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Old 01-23-2013, 09:40 AM   #36
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Here is some interesting updates from KGS Nightwatch:


I do see this attack as being linked not only due to what is happening in Mali, but also because of American (NATO) intervention in the overthrow of the Qaddafi regime. Libya is still unstable with a weak government, and a weaker security apparatus. We saw this in the Benghazi attack. With the weakened security situation in Libya it is no surprise that arms came from Libya.

I certainly think this a failure of US policy. Pushing democracy onto states that have not developed the capacity to handle it. Libya, Egypt, and Afghanistan are failed democracies--in the liberalism sense. We see the problem spreading to Mali, and I suspect, as disappointing as it is to say, that a rebel victory in Syria will produce the same results as Libya and Egypt--weak "democratic" government with a weak security situation combined with anti-US rhetoric and leadership.
Pushing democracy onto states that have not developed the capacity to handle it. An interesting perspective, given our dreadful experience of our militarily pushing democracy onto Iraq and to a lesser extent, Afghanistan.

The Libyan revolution, as well as the rest of the Arab spring, was a far more organic, homegrown push for democracy that we only supported to various degrees from the sidelines primarily, with some limited active military air support in Libya. The Arab Spring countries are still, quite understandably, in states of varying degrees of instability, but I think it unreasonable to expect stability to develop overnight, especially in this region with limited experience with democratic governance.

Are more nefarious elements trying to take advantage of this instability? Of course and that does need to be addressed a bit more actively and forcefully IMO, lest these elements get a deeper, Taliban-era-Afghanistan type foothold. This is especially so now during this transitional period where the institutions of democratic government are still being developed and strengthened.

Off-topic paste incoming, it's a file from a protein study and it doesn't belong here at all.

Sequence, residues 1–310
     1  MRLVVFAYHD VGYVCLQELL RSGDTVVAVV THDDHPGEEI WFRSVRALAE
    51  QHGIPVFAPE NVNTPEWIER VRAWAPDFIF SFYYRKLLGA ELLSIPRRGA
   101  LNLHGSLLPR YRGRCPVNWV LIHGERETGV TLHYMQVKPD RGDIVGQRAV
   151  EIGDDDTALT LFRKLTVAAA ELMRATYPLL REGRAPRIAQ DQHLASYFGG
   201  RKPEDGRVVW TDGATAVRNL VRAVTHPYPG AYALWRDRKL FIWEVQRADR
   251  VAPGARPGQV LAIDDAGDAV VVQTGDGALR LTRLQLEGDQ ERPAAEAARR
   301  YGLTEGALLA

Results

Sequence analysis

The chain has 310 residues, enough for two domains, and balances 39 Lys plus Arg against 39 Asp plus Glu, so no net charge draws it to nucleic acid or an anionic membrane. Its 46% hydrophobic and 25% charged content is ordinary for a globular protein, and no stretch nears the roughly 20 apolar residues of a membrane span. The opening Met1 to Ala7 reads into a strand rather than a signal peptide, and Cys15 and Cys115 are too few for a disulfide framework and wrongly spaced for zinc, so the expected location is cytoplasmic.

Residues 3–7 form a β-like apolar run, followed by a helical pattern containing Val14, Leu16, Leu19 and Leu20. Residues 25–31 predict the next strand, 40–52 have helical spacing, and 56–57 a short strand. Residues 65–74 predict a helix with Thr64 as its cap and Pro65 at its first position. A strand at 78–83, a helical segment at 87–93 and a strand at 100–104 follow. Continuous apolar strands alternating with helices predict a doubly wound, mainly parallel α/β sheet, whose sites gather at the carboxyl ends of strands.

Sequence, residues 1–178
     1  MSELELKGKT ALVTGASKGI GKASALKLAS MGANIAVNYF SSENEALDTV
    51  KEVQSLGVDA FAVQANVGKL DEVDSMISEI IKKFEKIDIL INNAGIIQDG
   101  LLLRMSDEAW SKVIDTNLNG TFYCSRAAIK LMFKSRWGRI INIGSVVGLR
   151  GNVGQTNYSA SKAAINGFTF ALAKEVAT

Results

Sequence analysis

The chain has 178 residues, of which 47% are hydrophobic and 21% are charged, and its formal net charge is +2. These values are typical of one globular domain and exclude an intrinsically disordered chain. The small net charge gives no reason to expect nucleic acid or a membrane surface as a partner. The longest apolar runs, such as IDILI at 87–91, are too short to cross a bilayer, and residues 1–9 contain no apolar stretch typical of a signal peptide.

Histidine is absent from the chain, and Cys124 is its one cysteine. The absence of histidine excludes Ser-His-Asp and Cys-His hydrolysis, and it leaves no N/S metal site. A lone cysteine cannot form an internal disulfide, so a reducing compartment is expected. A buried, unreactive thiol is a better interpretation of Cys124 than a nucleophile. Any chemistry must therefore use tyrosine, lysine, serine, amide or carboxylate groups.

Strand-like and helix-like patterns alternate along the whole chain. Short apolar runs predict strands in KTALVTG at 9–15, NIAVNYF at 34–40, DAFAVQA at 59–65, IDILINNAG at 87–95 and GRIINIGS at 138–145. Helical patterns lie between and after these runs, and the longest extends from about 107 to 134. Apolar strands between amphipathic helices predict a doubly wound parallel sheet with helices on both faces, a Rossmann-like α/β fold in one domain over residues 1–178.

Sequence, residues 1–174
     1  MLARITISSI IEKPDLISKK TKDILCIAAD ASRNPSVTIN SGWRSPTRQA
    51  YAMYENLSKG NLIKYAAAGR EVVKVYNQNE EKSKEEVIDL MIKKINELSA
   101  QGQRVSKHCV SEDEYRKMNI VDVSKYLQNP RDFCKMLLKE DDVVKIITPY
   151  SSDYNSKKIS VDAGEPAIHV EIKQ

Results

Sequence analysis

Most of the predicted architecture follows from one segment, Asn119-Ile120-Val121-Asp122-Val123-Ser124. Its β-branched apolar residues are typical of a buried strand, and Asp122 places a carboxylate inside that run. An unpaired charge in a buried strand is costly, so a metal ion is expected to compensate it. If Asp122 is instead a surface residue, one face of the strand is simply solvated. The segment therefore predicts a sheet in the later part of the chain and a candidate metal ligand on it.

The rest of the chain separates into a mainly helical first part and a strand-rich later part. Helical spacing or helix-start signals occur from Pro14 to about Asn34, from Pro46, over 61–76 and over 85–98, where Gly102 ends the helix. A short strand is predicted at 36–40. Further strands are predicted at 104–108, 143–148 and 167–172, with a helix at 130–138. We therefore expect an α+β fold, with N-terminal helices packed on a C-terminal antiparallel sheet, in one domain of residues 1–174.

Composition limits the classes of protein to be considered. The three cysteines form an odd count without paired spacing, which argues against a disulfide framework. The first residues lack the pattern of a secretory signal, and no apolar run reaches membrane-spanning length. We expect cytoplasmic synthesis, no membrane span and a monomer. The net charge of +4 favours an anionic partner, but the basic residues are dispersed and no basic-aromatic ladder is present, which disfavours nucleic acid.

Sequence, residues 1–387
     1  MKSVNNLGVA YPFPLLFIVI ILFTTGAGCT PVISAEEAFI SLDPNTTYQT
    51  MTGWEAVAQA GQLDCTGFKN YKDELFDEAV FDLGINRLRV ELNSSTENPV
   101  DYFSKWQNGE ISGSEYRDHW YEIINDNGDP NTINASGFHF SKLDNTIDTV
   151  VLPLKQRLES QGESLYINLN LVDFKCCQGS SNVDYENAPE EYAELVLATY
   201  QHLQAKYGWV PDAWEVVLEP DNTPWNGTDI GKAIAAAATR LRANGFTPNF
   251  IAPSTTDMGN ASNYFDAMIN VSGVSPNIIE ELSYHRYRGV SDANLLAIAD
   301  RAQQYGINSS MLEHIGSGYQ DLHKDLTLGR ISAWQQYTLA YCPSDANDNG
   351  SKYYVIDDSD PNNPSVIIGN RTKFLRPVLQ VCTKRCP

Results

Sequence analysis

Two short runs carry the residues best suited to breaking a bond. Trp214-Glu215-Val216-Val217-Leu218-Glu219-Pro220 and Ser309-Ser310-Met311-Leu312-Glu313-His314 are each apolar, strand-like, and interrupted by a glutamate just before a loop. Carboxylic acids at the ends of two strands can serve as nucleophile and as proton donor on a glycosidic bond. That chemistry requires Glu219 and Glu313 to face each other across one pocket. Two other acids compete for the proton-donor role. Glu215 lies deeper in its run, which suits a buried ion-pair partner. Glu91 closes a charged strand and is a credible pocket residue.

I would not call this a failure of U.S. policy. Rather, I think it has been vastly more successful, if imperfectly, than our adventure in Iraq ever was and that we were essentially correct in our overall approach to the Arab Spring. The other major policy options would have been basically to:

A. Do nothing and either let these democracy movement be brutally crushed or have 0 influence on the outcome of successful overthrows. We'd either end up with the same baleful dictators still in power or with AQIM and the like in a far stronger position than now.

B. A far more aggressive intervention -- translation: boots on the ground -- to forcefully control these overthrows. Its hard to know where to begin to list the shortfalls of this approach, but one might start with: massive costs, American casualties, Arab public opinion blowback on yet more Western occupation, and the inevitable unintended consequences. Oh, and nearly 0 American public support for any more military nation-building adventurism across the political spectrum.

Again, I do think we need to take a somewhat more active stance in this region as the Mali situation seems to show, but that is more a tweaking of current overall policy than an outright failure of it.